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After 13 years, BLM finally rolls out welcome mat at Sloan Canyon

At the southwestern edge of Henderson, a fresh ribbon of pavement meanders up the hill to a parking lot with sweeping views of mountains, desert and the growing city.

A trailer at the site offers maps and information about the area, and a hiking trail in a nearby wash leads into a canyon covered in ancient rock art.

More than 13 years after it was created, Sloan Canyon National Conservation Area finally has its first paved access road and other amenities.

The Bureau of Land Management hosted a dedication ceremony at the site Thursday. The new Nawghaw Poa Road and visitor contact station officially open to the public on Friday.

So what took so long?

“We really needed to wait until the city got a little closer to us,” said Robbie McAboy, BLM’s manager of the conservation area. “We were miles and miles and miles away from Henderson. Now the city is less than a mile away from us.”

And it seems to be getting closer by the minute. Directly north and east of the 48,438-acre conservation area are streets, parks and housing tracts too new to show up on Google Maps.

Right now, Nawghaw Poa Road branches off from an unpaved track that in just a few months is expected to become a paved extension of Democracy Drive.

Road to Sloan Canyon visitor center

McAboy said the time had come for the BLM to have more of a presence at Sloan Canyon and to provide better public access to the heart of the area, which draws an estimated 80,000 visitors a year.

“We want people to come and enjoy the area, and we want them to do so responsibly,” she said.

To that end, the agency has hired a law enforcement ranger, a park ranger and an outdoor recreation planner who will be dedicated to Sloan Canyon. Members of the nonprofit Friends of Sloan Canyon and other local conservation groups have stepped up to help staff the new contact station.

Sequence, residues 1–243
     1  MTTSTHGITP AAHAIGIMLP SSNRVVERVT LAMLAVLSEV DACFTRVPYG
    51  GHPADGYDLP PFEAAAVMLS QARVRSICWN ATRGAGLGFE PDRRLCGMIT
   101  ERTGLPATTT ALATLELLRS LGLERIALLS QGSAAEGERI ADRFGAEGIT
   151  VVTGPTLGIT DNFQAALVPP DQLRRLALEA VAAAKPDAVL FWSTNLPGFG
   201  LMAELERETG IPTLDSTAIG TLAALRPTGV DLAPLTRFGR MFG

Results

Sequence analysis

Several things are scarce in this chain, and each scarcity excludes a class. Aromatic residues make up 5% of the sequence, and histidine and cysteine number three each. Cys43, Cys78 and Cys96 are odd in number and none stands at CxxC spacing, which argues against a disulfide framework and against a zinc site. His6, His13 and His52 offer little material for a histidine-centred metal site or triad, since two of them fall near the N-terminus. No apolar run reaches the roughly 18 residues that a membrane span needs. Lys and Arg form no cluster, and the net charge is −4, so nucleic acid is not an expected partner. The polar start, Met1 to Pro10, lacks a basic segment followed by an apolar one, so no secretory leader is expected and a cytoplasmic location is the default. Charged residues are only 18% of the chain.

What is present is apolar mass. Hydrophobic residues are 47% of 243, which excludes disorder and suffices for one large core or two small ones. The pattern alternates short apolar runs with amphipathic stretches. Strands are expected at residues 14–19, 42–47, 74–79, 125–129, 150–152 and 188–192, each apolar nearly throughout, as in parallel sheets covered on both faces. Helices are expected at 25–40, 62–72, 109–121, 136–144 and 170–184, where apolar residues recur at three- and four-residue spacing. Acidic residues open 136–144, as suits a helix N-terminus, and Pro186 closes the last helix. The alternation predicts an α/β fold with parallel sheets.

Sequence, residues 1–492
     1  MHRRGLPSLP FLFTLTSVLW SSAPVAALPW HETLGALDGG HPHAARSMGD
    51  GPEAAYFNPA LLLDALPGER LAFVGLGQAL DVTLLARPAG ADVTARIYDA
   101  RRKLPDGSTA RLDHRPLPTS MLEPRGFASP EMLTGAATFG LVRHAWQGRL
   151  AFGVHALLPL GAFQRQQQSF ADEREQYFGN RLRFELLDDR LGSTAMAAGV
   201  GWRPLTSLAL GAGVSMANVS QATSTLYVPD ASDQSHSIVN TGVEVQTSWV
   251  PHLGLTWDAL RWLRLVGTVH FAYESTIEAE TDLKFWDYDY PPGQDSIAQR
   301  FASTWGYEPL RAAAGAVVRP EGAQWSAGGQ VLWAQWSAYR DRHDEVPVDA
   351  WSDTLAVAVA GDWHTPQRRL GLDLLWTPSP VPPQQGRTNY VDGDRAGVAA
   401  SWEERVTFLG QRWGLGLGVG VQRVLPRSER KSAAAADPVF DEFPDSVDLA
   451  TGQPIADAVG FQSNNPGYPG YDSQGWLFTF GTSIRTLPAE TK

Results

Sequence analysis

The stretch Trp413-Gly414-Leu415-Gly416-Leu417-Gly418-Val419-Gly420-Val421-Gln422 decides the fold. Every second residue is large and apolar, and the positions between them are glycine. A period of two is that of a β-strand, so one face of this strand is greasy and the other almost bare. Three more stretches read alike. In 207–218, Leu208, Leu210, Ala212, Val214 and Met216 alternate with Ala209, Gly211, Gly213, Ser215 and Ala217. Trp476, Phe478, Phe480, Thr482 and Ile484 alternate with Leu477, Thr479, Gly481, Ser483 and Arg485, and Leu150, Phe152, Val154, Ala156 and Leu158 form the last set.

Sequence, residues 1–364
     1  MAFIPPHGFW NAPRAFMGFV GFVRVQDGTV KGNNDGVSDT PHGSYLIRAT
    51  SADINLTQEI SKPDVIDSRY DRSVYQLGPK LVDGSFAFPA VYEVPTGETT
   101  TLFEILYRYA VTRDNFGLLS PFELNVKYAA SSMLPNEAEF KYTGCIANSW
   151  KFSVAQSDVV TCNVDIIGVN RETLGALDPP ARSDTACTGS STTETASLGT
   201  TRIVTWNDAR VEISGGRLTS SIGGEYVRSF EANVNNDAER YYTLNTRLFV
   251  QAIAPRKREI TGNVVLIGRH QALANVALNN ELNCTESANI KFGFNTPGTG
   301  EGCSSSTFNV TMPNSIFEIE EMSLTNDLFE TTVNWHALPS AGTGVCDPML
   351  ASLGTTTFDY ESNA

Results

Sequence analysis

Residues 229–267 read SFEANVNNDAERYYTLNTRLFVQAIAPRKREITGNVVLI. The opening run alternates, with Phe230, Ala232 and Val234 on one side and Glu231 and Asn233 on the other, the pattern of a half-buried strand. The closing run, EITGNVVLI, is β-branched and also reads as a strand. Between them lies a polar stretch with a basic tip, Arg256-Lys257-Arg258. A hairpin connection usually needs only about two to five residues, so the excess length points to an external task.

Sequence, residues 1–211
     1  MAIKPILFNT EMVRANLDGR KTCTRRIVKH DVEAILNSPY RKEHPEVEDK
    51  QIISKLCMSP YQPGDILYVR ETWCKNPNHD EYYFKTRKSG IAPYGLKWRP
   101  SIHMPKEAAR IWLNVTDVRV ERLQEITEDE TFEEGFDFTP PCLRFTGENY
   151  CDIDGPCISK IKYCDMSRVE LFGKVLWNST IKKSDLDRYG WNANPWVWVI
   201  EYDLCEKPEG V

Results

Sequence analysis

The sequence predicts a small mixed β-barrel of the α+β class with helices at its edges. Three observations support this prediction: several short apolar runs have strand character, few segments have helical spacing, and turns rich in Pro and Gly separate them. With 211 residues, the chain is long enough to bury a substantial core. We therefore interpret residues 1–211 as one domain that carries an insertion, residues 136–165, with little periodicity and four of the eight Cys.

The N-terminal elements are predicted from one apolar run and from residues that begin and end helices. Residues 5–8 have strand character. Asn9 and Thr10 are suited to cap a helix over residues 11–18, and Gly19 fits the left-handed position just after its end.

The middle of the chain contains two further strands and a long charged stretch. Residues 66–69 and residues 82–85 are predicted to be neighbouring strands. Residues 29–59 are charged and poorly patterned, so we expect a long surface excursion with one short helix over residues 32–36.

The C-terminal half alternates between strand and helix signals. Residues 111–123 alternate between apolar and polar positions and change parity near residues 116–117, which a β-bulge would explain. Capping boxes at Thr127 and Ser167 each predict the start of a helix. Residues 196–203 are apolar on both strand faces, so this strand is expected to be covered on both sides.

Sander Smiles is one of the volunteers who will be greeting visitors and monitoring trails in the area. He dismissed the argument that the only way to protect such a rich cultural site is to restrict access.

“People are going to get to it one way or another. If you build houses all around it, it’s going to be inevitable, so manage the risk,” Smiles said.

Thursday’s dedication included a blessing in the Southern Paiute language from tribal elder Bud Meyer. The Paiutes also helped name the new road. McAboy said Nawghaw Poa means “mountain sheep trail” in Paiute.

In the coming months, the BLM plans to replace the portable restrooms at the site with flush toilets. In a few years, a permanent visitor center will be built in place of the trailer housing the contact station, McAboy said.

Money shouldn’t be an issue. When it was designated by Congress in 2002, the conservation area was seeded with $63 million from the sale of federal land at Henderson’s southern edge. That interest-bearing endowment fund still contains more than $60 million even after $1.4 million was spent on the road project and another $9 million went for new trails, signs, studies and planning documents, McAboy said.

The U.S. Army Corps of Engineers oversaw the construction of the road and separate, paved bicycle lane. The city of Henderson provided design services for the project.

Henderson Mayor Andy Hafen could barely contain his excitement during the dedication.

“It’s been a long time coming, but it’s been worth it, don’t you think?” he said.

From now until Sept. 30, the new road and contact station will be open only from 8 a.m. to 4:30 p.m. on Fridays, Saturdays and Sundays. The road will be blocked with a gate on the other days of the week until Oct. 1, when it will be open from 8 a.m. to 4:30 p.m. every day through next May.

Contact Henry Brean at hbrean@reviewjournal.com or 702-383-0350. Find @RefriedBrean on Twitter.

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